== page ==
Weekly Read


WR1Good and Cheap by Leanne Brown is the perfect book for the New Year and all those resolutions you may have made – including eating better and saving money. It is one of those things that many of us struggle with: the challenge to eat well but no go over budget as it seems the cheapest foods tend to be the worst for you. But in her wonderful cookbook, Ms. Brown has given us a blueprint for making it all work out.

About Good and Cheap by Leanne Brown: “While studying food policy as a master’s candidate at NYU, Leanne Brown asked a simple yet critical question: How well can a person eat on the $4 a day given by SNAP, the U.S. government’s Supplemental Nutrition Assistance Program informally known as food stamps? The answer is surprisingly well: Broiled Tilapia with Lime, Spicy Pulled Pork, Green Chile and Cheddar Quesadillas, Vegetable Jambalaya, Beet and Chickpea Salad—even desserts like Coconut Chocolate Cookies and Peach Coffee Cake. In addition to creating nutritious recipes that maximize every ingredient and use economical cooking methods, Ms. Brown gives tips on shopping; on creating pantry basics; on mastering certain staples—pizza dough, flour tortillas—and saucy extras that make everything taste better, like spice oil and tzatziki; and how to make fundamentally smart, healthful food choices.”

In addition to being filled with delicious, healthful recipes for people on a budget, with every copy of Good and Cheap purchased, a second copy will be given to a person or family in need – which fulfills that other resolution we made this year: to give more back.

Good and Cheap by Leanne Brown is available from Amazon and other fine book retailers.

southernAs an old New England Yankee now living in the Midwest, I am oddly attracted to the culture of the southern US – go figure. I fancy myself as a modern day Rhett Butler, the perfect southern gentleman who is a bit of a rascal but has all the charm in the world. To help me in this fantasy I have found a great primer: A Southern Gentleman’s Kitchen: Adventures in Cooking, Eating, and Living in the New South by Matt Moore

About A Southern Gentleman’s Kitchen by Matt Moore: “Today, in addition to being chivalrous, honest, and generous, a Southern gentleman is socially connected, well-traveled, and has an appetite for life. In this part-cookbook and part-guidebook, Matt Moore embraces a fresh perspective on what it means to cook, eat, and live as a true Southern Gentleman in the 21st century. Moore takes readers on an entertaining walk through the life of a Southern gentleman using recipes for 150 distinctly simple Southern dishes for every meal of the day, plus tales from family and some well-known friends. Gorgeous full-color photography graces this culinary update on authentic Southern cuisine. Featured recipes include everything from Seafood Gumbo and Gameday Venison Chili to desserts like Grilled Georgia Peach Crisp and favorite cocktails like The Brown Derby and NOLA Sazerac.”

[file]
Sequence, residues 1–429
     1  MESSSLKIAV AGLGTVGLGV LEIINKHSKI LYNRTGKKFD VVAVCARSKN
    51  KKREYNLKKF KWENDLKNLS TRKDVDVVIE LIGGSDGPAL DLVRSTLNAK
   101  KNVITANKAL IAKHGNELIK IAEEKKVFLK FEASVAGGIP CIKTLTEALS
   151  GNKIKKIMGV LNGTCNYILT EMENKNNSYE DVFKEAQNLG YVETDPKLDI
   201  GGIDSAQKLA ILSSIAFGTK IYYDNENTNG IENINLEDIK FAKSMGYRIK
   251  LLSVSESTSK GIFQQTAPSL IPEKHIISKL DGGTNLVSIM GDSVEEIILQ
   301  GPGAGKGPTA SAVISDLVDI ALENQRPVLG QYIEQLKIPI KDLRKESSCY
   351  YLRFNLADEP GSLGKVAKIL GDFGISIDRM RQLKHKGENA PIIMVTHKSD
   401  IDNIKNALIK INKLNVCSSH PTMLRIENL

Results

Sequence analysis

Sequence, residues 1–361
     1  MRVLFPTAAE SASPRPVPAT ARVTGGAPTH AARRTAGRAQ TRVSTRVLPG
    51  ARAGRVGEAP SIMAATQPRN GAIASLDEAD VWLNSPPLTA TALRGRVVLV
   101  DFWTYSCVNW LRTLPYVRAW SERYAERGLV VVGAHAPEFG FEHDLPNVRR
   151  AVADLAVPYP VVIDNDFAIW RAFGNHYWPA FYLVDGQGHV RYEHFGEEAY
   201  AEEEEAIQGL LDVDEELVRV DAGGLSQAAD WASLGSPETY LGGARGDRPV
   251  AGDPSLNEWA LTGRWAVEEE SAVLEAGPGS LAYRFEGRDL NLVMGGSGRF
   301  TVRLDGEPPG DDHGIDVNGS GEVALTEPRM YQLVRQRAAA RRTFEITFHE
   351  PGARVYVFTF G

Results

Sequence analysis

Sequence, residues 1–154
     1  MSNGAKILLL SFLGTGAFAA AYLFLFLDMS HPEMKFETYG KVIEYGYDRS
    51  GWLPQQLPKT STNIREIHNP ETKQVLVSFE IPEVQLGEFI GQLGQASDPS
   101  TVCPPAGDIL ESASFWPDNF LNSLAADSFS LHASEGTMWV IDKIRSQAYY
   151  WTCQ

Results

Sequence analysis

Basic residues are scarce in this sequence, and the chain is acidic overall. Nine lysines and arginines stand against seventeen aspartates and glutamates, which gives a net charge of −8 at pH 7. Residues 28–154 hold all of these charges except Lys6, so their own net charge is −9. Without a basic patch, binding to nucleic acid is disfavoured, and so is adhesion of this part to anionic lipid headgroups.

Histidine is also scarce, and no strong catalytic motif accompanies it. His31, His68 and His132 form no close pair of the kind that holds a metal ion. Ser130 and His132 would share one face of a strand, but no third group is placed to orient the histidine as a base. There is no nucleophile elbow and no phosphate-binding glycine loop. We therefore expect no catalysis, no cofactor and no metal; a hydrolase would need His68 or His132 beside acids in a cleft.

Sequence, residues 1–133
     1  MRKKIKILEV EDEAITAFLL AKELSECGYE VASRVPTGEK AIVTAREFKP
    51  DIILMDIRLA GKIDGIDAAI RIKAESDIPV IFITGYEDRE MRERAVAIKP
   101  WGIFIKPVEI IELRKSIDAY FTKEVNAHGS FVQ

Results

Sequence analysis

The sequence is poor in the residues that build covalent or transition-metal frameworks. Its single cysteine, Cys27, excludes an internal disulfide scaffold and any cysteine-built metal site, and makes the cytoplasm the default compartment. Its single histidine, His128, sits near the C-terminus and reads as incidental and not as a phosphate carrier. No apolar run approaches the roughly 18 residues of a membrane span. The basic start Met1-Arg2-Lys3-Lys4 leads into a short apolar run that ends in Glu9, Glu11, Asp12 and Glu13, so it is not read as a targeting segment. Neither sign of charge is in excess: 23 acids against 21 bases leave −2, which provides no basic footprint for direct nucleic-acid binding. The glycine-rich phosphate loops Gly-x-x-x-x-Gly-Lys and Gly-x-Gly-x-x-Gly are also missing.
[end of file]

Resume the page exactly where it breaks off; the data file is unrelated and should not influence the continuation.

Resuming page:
More than a cookbook (and there are some great recipes in here) A Southern Gentleman’s Kitchen is also a handbook and guide to living a great life in the “New South” and anywhere else with a little imagination.

A Southern Gentleman’s Kitchen by Matt Moore is available from Amazon and other fine booksellers.

http://www.amazon.com/Southern-Living-Gentlemans-Kitchen-Adventures/dp/0848743679/ref=sr_1_1?s=books&ie=UTF8&qid=1440795462&sr=1-1&keywords=matt+moore+southern+gentleman

cashI love the LIFE Unseen series from the editors of LIFE Magazine. The folks at LIFE have been curating their vast catalog of images and releasing great books displaying never-before-seen pictures of the 20th Century’s greatest figures. A great example is LIFE Unseen: Johnny Cash: An Illustrated Biography with Rare and Never-Before-Seen Photographs, which manages to present the great artist in a way that seems new and fresh while honoring his legacy.

About LIFE Unseen: Johnny Cash from the editors of LIFE magazine: LIFE partners with Sony Music Entertainment and its vast archive of photography to launch a new series of special books: LIFE Unseen surprising looks at some of our most legendary stars. We kick off the series with Johnny Cash, who passed away 10 years ago, but it seems like he has never left us. There have been iconic American performers whose lives seemed even larger than their stage personas. Then there was Johnny Cash, unique and-yes-transcendent. He is seen as a country singer, but he is also in the Rock and Roll Hall of Fame and Gospel Hall of Fame. Coming out of Arkansas, rebellious and an early adherent of rockabilly (he was part of Sun Studios’ Million Dollar Quartet, along with Elvis, Carl Perkins and Jerry Lee Lewis), he found his audience. Cash was also a TV star and he formed supergroups with other top recording artists. Movies were made about the Man in Black, and he would have been calcified as a ‘legend’ had he not been so genuine.”

As a huge fan of Mr. Cash, I loved flipping through the pages of LIFE Unseen: Johnny Cash to see images of the Man in Black in his prime and reading bits about his life from the people who knew him best. LIFE Unseen: Johnny Cash is the best kind of biography – a visual oral history.

LIFE Unseen: Johnny Cash from the editors of LIFE magazine is available from Amazon and other fine booksellers.